I don't have a problem with Waters and his more "focused" lyrical approach since 1980. Sometimes it ends up cringeworthy as hell, other times there's still a wonderful poetic quality in his words. That quality is also at least partly contingent on whom he entrusts the actual musical side of things. Pat Leonard brought out some of his best qualities and helped elevate some otherwise-mixed lyrics to something really beautiful (IMHO) on Amused to Death. Nigel Godrich took a different approach with the last album; I like it in places but it suffers musically from being both thin in terms of musical ideas and musical complexity.

    Flip it around...I don't have a problem with Gilmour's lack of poetic depth when it comes to lyrics. He's had lovely moments as well, along with some (IMHO) cringeworthy moments. There's also ample musical bliss going on to make things more than entertaining. And with Wright added into the mix, I'm quite happy with the outcome. Again, it's what makes this new set rather lovely for me -- I did not expect Momentary Lapse to transform so much (IMHO) simply by bringing out Wright's contributions and Mason's drums more. But it did. On the Turning Away now almost feels like it could have sat somewhere on Final Cut, in fact.

    I also love Broken China and wish there had been more from Wright, and of course watching Mason's Saucerful last year was pure delight in a tie-dyed mug.

    So none of them have necessarily topped the greats of the 70's. I'm sure there's also a few folks (I know at least one for certain) who will say they f**ked it all up the moment they fired Syd and have never recovered from THAT true greatness. That's cool too. But for me personally, there's lots I still love from all the various "camps" since they went their separate ways.
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  9. #309
    Oooo...back to the box set. Minor fun thing I just found. The screen film version of "Signs of Life" from 1987 is the full live version, not the shortened version from all other versions (CD, Blu Ray, etc.).
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  10. #310
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    My local record store (Head in Leamington Spa) has this box reduced from 312 pounds to 272 pounds now.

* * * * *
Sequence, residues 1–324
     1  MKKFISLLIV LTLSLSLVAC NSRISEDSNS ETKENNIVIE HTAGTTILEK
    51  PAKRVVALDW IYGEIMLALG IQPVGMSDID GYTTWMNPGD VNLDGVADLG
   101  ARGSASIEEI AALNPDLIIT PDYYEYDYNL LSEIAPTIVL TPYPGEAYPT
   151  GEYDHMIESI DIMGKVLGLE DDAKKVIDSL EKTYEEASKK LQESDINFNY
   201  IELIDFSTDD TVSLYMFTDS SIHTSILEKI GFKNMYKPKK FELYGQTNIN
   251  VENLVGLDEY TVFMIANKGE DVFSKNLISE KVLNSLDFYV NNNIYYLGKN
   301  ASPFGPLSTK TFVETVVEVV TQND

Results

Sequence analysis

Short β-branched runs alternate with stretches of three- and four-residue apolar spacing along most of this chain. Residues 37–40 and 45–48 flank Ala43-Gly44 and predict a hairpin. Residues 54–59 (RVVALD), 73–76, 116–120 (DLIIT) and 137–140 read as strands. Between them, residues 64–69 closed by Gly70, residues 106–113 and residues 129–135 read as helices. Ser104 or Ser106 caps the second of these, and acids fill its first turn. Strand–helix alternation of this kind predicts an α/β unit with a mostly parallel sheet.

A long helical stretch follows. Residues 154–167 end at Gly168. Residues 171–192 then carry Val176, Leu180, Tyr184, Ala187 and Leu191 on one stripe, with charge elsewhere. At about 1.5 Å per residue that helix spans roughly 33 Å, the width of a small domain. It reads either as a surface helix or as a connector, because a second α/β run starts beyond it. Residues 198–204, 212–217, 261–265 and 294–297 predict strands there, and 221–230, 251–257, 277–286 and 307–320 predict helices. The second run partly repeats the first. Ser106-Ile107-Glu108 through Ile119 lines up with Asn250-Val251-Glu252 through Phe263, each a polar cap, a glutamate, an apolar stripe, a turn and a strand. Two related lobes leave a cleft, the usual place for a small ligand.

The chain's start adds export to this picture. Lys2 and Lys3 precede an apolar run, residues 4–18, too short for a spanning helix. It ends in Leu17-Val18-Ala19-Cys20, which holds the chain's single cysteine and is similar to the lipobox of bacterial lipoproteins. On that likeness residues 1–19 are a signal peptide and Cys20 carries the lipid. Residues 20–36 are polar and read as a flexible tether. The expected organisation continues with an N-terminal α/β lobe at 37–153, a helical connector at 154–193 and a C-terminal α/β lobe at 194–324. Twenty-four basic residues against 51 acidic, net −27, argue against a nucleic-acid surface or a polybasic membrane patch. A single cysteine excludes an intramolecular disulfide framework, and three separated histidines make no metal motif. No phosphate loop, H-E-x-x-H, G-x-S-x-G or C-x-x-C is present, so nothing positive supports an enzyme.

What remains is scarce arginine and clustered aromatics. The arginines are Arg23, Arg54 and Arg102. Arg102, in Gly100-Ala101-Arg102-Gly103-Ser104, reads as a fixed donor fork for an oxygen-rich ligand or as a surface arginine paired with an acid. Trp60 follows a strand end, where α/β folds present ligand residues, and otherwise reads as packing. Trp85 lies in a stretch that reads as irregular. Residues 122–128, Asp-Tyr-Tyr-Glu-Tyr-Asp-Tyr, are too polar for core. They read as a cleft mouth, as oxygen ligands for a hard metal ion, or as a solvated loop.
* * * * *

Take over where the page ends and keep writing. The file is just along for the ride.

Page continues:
I'm hoping they release the audio material separately.

  11. #311
    Quote Originally Posted by battema View Post
    I did not expect Momentary Lapse to transform so much (IMHO) simply by bringing out Wright's contributions and Mason's drums more. But it did. On the Turning Away now almost feels like it could have sat somewhere on Final Cut, in fact.
    That's interesting. If there is a separate release of the remix I'll probably try it. When the album was first released in 1987, I had mixed feelings about how the album sounded. On one hand, it sounded like no other PF album, which was a not a bad thing since there aren't two similar PF albums. So the 80s sound wasn't so shocking to me. What annoyed me was the fact that it sounded very much like a Gilmour solo album, with no recognizable contribution from Mason and Wright. It really felt like a DG solo album in disguise, whereas TFC, while sounding very much like a Waters solo album, had at least recognizable contributions from Gilmour, not only Waters. Although I'm not convinced that the new version will sound good to my ears, it may be an interesting experiment in rewriting history and re-floydizing an album that Mason and Wright have obviously endorsed.

    And, by the way, Pink Floyd really ended in 1966 when Bob Klose left.

  12. #312
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    Quote Originally Posted by Harbottle View Post
    My local record store (Head in Leamington Spa) has this box reduced from 312 pounds to 272 pounds now.

    I'm hoping they release the audio material separately.
    Yes it's about the same on Amazon now. Not flying off the shelves, I suspect.

  13. #313
    Moderator Sean's Avatar
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    Looks like all the mixes are up on YT now. Here's a few you might not have heard yet.







    Thoughts?

    Check out the vid under it of the cover shot for AMLOR being set up. All those beds on the beach... Now days they would just use CGI, I suspect...
    Last edited by Sean; 2 Weeks Ago at 02:43 PM.

  14. #314
    Moderator Sean's Avatar
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    Does this box also come with the original AMLOR mix too?

  15. #315
    Nope, just the new.

    I very much love the new version of Yet Another Movie (very different but very, very cool, especially hearing more of Mr. Levin). Dogs of War finally works for me, Scott Page's overblown sax aside. I'm not a fan of the new mix of Terminal Frost as much to be honest; it lost a bit TOO much in the new mix and now sounds more like a live cut of the song.
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  16. #316
    Quote Originally Posted by Interstellar View Post
    That's interesting. If there is a separate release of the remix I'll probably try it. When the album was first released in 1987, I had mixed feelings about how the album sounded. On one hand, it sounded like no other PF album, which was a not a bad thing since there aren't two similar PF albums. So the 80s sound wasn't so shocking to me. What annoyed me was the fact that it sounded very much like a Gilmour solo album, with no recognizable contribution from Mason and Wright. It really felt like a DG solo album in disguise, whereas TFC, while sounding very much like a Waters solo album, had at least recognizable contributions from Gilmour, not only Waters. Although I'm not convinced that the new version will sound good to my ears, it may be an interesting experiment in rewriting history and re-floydizing an album that Mason and Wright have obviously endorsed.